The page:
BLOOMINGTON, Ind. -- Sept. 29 and 30, the Indiana University Rural Conference will bring together rural residents and leaders with IU faculty, researchers, staff and students in a virtual forum to address some of Indiana's greatest challenges and opportunities.
Hosted by the IU Center for Rural Engagement, the IU Rural Conference will include 15 breakout sessions on topics including health, quality of place, housing, the arts and community resilience. The two-day conference will also feature keynote remarks from Hancock Health's president and CEO Steve Long, IU Bloomington Provost Lauren Robel, and Minnesota-based Art of the Rural executive director Matthew Fluharty.
"This year has been incredibly challenging for residents across our state," said Kerry Thomson, executive director of the IU Center for Rural Engagement. "It is more important than ever that we join together and bolster our resilience and local capacity through strong partnerships. This conference can serve as a launching pad for replicable initiatives that create a healthier Indiana."
Priscilla Barnes, associate professor in the IU School of Public Health-Bloomington, will lead a discussion on Community Health Improvement Plans, which use local health data to create goals and maximize resources for positive health impact. These plans can address long-term community goals as well as emerging needs, such as those brought on by the COVID-19 pandemic.
The IU Environmental Resilience Institute will share the Hoosier Resilience Index Readiness Assessment, which will help participants prioritize response actions to make their communities more resilient to storms, floods, droughts and increasing temperatures.
Two free evening sessions are also included in the conference lineup. In partnership with the IU Responding to the Addictions Crisis Grand Challenge initiative, the IU Interprofessional Practice and Education Center, and the Indiana Rural Opioid Consortium, a panel discussion Sept. 29 will highlight In This Together, resources that support conversations about substance-use disorder and interventions that fit community needs. In a collaborative effort to reduce the harmful impacts of substance-use disorder, attendees will learn how to administer naloxone, an emergency treatment used to reverse opioid overdose. Following the training, attendees will be asked to complete a brief knowledge check and will receive two free doses of naloxone in the mail.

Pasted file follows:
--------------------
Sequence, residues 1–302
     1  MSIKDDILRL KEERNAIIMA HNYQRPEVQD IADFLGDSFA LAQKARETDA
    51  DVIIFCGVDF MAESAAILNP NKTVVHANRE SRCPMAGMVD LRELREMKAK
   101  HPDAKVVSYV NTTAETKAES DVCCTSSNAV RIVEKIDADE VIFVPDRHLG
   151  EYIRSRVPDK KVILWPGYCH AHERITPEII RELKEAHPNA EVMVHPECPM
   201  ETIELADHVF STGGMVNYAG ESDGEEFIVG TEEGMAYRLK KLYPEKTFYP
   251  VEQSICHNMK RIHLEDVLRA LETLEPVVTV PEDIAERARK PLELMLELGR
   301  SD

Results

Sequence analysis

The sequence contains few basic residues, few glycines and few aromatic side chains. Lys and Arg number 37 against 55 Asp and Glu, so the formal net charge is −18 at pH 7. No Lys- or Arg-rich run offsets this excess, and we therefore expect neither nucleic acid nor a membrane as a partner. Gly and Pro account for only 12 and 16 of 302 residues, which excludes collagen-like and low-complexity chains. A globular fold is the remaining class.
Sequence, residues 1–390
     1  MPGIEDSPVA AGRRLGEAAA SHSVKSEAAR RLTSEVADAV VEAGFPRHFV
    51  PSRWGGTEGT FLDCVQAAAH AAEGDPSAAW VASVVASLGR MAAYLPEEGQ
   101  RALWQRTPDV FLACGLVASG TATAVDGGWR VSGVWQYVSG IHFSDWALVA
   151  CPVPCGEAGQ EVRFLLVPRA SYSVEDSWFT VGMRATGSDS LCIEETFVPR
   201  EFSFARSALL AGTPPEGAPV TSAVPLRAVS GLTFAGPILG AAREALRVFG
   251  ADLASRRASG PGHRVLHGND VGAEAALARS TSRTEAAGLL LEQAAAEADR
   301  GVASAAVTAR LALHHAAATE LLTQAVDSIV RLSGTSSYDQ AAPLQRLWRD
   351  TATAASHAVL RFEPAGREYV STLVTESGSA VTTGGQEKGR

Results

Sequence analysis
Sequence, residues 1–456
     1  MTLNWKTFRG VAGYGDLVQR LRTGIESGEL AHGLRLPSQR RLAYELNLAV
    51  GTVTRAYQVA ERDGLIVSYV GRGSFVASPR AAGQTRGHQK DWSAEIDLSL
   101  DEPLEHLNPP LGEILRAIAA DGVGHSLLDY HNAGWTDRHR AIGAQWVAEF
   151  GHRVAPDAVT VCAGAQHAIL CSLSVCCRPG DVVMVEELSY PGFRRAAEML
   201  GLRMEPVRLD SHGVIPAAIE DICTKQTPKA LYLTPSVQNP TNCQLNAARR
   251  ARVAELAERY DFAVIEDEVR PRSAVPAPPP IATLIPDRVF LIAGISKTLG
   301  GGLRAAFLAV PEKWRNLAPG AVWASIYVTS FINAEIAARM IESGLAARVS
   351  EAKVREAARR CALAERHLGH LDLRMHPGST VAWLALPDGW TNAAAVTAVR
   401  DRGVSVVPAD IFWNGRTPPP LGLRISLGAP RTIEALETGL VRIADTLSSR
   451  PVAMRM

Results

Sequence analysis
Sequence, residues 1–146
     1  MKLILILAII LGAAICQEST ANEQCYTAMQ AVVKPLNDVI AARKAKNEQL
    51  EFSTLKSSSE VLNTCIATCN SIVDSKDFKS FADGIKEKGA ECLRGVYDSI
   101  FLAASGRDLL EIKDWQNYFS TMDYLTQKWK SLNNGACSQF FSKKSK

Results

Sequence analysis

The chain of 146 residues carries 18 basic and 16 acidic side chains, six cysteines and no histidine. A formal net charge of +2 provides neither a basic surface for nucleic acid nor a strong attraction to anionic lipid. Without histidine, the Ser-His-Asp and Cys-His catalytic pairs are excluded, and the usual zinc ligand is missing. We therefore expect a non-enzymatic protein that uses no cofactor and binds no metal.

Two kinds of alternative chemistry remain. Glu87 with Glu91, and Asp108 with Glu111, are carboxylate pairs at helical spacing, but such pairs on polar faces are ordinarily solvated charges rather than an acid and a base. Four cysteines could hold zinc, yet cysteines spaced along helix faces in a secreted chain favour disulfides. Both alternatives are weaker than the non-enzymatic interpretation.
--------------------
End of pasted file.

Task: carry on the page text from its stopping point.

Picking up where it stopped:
On Sept. 30, award-winning poet and Provost Professor Catherine Bowman will host a free creative-writing workshop in which participants will learn more about initiatives to strengthen sense of community and resilience through creative activity during difficult times.
Registration, a full list of presentations and additional details about the conference are available online.
IU Center for Rural Engagement
The IU Center for Rural Engagement improves the lives of Hoosiers through collaborative initiatives that discover and deploy scalable and flexible solutions to common challenges facing rural communities. Working in full-spectrum community innovation through research, community-engaged teaching and student service, the center builds vision, harnesses assets and cultivates sustainable leadership structures within the communities with which it engages to ensure long-term success.
Responding to the Addictions Crisis
The Responding to the Addictions Crisis Grand Challenge initiative engages a broad array of IU's world-class faculty as well as IU's business, nonprofit and government partners. Working together, the groups are contributing to an initiative to implement a comprehensive plan to reduce deaths from addiction, ease the burden of drug addiction on Hoosier communities, and improve health and economic outcomes. This initiative is one of the nation's largest and most comprehensive state-based responses to the opioid addiction crisis -- and the largest led by a university.
Prepared for Environmental Change
The IU Prepared for Environmental Change Grand Challenge initiative brings together a broad, bipartisan coalition of government, business, nonprofit and community leaders to help Indiana better prepare for the challenges that environmental changes bring to our economy, health and livelihood. Announced in May 2017, Prepared for Environmental Change is working to deliver tailored and actionable solutions to communities across the state of Indiana.